A Celtiberian town in its origin, it became one of the most important sites in Spain prior to 192 B.C, when it was conquered the Romans when it became Toletum Carthaginian. Toledo is located high on the top of a rock and surrounded by the river Tagus which gave the city an important strategic position
Alfonso X the Wise, made Toledo the cultural capital of Europe when he created the Toledo School of Translators. The three most important cultures in Spain (Muslims, Jews, and Christians) converged in Toledo to share knowledge and translate each other’s texts. This is why the walled medieval city is divided in 3 neighborhoods, one for each culture.
Toledo is also home to home to one of the most important gothic cathedrals in the world, an amazing medieval fortress (the Alcazar of Toledo) and it’s famous around the world for its metalwork. For centuries, Toledo has been known for the talent of its blacksmiths and producing some of the best armor and swords money can buy. Many shops across Toledo still sell swords and medieval weapons as souvenirs.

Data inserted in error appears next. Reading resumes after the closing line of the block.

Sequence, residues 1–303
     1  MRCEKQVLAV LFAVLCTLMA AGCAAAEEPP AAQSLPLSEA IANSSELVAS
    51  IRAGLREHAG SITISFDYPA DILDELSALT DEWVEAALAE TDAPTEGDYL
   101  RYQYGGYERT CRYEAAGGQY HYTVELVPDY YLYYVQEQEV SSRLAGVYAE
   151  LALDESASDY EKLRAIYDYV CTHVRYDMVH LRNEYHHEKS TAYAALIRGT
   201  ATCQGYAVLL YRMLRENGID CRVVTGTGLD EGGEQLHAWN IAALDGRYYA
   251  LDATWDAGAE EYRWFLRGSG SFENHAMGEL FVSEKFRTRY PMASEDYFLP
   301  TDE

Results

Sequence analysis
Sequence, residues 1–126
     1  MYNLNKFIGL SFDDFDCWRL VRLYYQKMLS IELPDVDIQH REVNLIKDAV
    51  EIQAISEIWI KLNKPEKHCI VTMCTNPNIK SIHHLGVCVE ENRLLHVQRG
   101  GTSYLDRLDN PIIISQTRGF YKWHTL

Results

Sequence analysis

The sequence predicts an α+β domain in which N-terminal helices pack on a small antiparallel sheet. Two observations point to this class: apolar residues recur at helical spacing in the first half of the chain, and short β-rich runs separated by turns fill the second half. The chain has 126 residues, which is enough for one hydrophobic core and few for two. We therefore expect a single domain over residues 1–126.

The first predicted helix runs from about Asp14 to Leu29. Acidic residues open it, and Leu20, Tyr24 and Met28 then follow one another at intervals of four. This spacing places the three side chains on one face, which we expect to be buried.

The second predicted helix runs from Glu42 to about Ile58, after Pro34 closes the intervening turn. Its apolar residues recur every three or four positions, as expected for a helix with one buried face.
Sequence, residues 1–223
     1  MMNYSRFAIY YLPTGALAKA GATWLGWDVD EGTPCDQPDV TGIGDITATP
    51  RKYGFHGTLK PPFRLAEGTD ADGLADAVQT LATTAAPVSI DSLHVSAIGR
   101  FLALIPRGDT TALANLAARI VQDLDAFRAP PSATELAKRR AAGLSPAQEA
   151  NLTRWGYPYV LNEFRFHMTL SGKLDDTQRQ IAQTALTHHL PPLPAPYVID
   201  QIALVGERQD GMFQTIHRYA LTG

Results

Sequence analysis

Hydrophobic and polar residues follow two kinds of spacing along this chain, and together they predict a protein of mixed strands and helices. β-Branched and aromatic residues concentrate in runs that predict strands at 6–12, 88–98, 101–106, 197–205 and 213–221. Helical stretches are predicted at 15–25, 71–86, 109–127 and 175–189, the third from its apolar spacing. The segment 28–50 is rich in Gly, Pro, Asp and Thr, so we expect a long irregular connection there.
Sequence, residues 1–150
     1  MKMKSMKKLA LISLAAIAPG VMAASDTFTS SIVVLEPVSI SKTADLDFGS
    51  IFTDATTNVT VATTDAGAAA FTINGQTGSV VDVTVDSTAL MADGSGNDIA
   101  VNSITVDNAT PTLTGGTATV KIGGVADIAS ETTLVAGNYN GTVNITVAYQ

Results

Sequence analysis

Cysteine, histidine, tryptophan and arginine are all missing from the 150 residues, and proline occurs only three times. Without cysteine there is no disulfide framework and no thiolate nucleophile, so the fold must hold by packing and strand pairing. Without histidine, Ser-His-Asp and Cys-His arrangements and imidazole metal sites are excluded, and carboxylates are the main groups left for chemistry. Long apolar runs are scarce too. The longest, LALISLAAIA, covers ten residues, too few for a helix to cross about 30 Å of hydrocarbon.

A day tour to Toledo wouldn’t be complete without an amazing “Manchego” meal and a visit and tasting of one of the top wineries in the region. You can check out full details of our Toledo tour here:
Segovia doesn’t sound like a real place. It is a medieval walled city perched on a cliff with an intact, functional Roman era aqueduct, a unique gothic cathedral, a fairy tale castle that inspired a Disney movie and some of the best food and wine in all of Spain. It´s hard to believe that such a place exists, but it does and its only 1h and half outside of Madrid.
The aqueduct of Segovia was built by the Romans in the 2nd century to bring water down from the surrounding mountains to the city bellow. It stands almost 30 meters tall and runs over 15km. It is, rightfully so, one of UNESCO’s World Heritage sites. You can enjoy the highlights of Segovia and more in our daily tour.